The Washington Post has a heck of a story on an alleged serial child molester who managed to stay in education for more than 30 years, including a stint teaching at some private schools in Atlanta.
Take a look at the remarkable reporting that the Post did on Kevin Ricks, a talented teacher whose affability and devotion to his students masked what the newspaper says could be decades of abuse of teenage boys.
As to the Georgia connection, the story states: Ricks received his diploma from UNC in 1983, and he taught at a private school in Norfolk for a year. He also taught for a year at a private school in North Carolina, and in the mid-1980s, he taught at private schools in the Atlanta area, at least once serving as the dorm master for a boys’ boarding school, according to his résumé. Because private schools do not always require teaching certificates or teaching experience, Ricks was able to get the jobs without applying for a license. Georgia education officials, for example, have no record of him ever applying for or receiving a license there.
Here is a very short excerpt from the lengthy piece. If you have time, read it all as it’s riveting stuff: (Also, there is a sidebar to the story that addresses how Ricks evaded detection for so long. It is shorter.) I am surprised that none of the safeguards in place seemed to work in this case.
By Josh White, Blaine Harden and Jennifer Buske
Kevin Ricks was a gregarious, well-traveled English teacher at Osbourn High School, a Walt Whitman devotee who was so popular that a photo of him in class was chosen to fill the opening page of the yearbook. A writer and photographer himself, Ricks would walk the halls of the Manassas school with a leather-bound journal of his musings tucked in his bag, next to his laptop computer.
What teachers, parents, students and even his wife didn’t know was that his journals contained decades of dark secrets, a running handwritten commentary of Ricks’s world of obsession, infatuation, pursuit, sexual abuse and international child exploitation.
They didn’t know about his library of homemade pornographic videos and explicit photographs capturing his tequila-soaked sex acts with teenage boys he had handpicked. They didn’t know about the makeshift shrine boxes containing mementos of the episodes, including sex toys, soiled tissues and hair trimmings.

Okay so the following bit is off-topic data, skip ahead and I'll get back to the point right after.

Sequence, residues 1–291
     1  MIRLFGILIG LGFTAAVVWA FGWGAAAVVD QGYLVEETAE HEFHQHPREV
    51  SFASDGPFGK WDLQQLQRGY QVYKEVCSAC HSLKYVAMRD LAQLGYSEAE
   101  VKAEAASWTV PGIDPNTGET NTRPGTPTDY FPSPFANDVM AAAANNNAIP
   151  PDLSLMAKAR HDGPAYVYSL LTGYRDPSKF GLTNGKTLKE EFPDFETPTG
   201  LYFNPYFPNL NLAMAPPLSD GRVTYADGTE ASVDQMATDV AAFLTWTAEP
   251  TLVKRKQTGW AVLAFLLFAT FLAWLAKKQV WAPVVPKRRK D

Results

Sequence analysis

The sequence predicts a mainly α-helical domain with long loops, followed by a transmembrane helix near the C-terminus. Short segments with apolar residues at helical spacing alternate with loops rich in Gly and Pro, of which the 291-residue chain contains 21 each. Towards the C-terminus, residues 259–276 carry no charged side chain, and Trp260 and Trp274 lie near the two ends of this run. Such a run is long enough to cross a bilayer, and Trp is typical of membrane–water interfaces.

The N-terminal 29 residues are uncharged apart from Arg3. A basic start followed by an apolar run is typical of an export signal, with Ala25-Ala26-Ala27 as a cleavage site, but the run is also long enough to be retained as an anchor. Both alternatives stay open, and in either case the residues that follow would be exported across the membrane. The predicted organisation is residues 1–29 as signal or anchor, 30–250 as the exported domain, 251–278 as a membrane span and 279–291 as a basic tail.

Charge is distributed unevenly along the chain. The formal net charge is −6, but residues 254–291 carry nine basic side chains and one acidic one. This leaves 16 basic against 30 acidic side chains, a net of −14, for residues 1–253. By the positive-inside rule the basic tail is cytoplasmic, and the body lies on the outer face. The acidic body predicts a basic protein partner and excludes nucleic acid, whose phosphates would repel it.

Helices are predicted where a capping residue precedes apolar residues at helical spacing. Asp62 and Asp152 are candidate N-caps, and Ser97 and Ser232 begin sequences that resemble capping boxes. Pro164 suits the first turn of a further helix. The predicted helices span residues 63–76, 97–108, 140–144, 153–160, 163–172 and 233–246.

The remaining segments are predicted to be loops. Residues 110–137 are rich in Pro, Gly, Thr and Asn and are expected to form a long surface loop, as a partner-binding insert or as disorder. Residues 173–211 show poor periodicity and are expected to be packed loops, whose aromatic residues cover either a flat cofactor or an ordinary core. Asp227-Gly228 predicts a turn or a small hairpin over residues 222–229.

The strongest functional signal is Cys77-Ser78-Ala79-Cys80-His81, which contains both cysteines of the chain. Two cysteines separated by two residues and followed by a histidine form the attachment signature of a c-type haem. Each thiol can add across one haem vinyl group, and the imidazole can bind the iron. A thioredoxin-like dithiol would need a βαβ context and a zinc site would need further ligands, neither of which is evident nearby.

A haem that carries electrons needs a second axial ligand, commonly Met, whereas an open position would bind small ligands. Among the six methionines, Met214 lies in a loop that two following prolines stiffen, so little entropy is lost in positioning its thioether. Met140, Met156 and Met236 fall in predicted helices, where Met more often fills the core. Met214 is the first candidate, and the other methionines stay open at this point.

Even some of the victims didn’t know they were victims.
A four-month Washington Post investigation of Ricks’s career as a teacher, tutor, foreign exchange host and camp counselor has revealed a pattern of abuse that dates to at least 1978 and has left a trail of victims spanning the globe. But despite the abuse, Ricks moved from one teaching job to the next over nearly 30 years, navigating the nation’s public and private school systems undetected, evading traps designed to catch him.
In some cases, school officials and foreign exchange companies knew of or suspected Ricks’s inappropriate behavior and simply let him go, leaving the next employer with no idea what was coming.
His case underscores the difficulties that educators and parents face when they only suspect abuse but can’t prove it, and how reluctant even the most suspicious and well-meaning people can be in coming forward with allegations. It shows how someone can for decades wear a mask of trusted role model while using that powerful position to lure unsuspecting boys.
Interviews with six of his victims or their families in Asia, Europe and the United States — along with several others who think they or their children were being groomed as victims — tell a story of a teacher who believed he was falling passionately in love with his students and the foreigners he brought into the country. They said he spent months infiltrating their lives, their families and their youth groups. He plied them with expensive gifts, trips, event tickets, attention and ultimately loads of alcohol.
When the boys were in a drunken stupor or asleep, Ricks would molest them, using a camcorder and camera to capture the graphic, secret sex acts, according to victims and law enforcement officials.
Police and prosecutors in Virginia and Maryland said their investigations have turned up alarming evidence of predation along with a hoard of child pornography and matching journal entries describing the abuse. A Manassas police detective and FBI agents are scouring his computers and journals and have been looking across three continents for evidence.